One of the latest crusades of the Left is the abolition of solitary confinement in Virginia prisons. A coalition of 16 groups, including the ACLU of Virginia and Amnesty International, are concerned that placing prisoners in isolation can lead to mental health issues and suicide attempts. Now these groups have prevailed upon the General Assembly to study the practice in the Old Dominion.
Legislation passed this session will require the Department of Corrections (DOC) to report data on the age, sex, race, ethnicity, mental health status, and security level of each inmate held in solitary confinement, along with the number of days spent there, and their disciplinary offense history. There has been a kerfluffle over the $2 million cost of collecting the data, according to The Virginia Mercury. DOC says it would have to hire 30 new employees to compile the data, most of which is kept in paper format. But there is a larger issue at stake.
The conclusions of the study are likely to be driven by the way the problem is framed, the questions asked, and the data collected. Call me a cynic, but here’s how I see this issue playing out: The study will show that certain groups (African-Americans and prisoners with mental health issues, most likely) are locked up in solitary confinement in numbers disproportionate to their prison population. Ergo, discrimination will be assumed, and curtailment of solitary confinement will become the latest rallying cry of the Social Justice movement.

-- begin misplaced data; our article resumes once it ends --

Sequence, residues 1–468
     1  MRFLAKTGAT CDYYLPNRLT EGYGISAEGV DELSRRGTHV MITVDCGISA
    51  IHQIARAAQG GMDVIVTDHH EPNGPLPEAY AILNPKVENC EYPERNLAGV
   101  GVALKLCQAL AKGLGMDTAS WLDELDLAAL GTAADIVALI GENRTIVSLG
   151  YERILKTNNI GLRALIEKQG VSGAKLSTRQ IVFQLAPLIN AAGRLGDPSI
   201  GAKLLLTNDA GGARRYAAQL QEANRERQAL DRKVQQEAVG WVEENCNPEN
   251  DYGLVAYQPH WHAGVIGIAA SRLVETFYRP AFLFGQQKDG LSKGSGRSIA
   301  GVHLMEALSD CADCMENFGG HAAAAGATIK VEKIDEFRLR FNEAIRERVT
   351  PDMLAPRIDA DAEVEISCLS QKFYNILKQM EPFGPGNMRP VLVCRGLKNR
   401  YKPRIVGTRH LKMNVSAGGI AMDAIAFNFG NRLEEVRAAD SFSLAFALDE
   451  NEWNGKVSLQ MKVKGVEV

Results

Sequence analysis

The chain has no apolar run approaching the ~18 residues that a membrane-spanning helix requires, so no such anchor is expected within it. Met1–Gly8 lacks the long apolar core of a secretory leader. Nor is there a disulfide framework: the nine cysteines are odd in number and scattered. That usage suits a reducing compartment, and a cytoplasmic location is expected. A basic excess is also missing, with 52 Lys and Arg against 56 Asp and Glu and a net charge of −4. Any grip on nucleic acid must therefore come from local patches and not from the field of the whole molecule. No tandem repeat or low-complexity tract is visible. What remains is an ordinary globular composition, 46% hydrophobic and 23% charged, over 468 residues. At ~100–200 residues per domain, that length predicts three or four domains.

There are two points worth keeping in mind as this controversy unfolds. Continue reading
In 2016, Keith Harward was released from Virginia’s prisons after serving 33 years for a crime he did not commit.
Harward was convicted of a 1982 rape and murder largely on the basis of the testimony of forensic dentists that bite marks on the victim matched his teeth. Many years later, following improvements in DNA testing methods, analysis of evidence left at the crime scene excluded Harward as the perpetrator.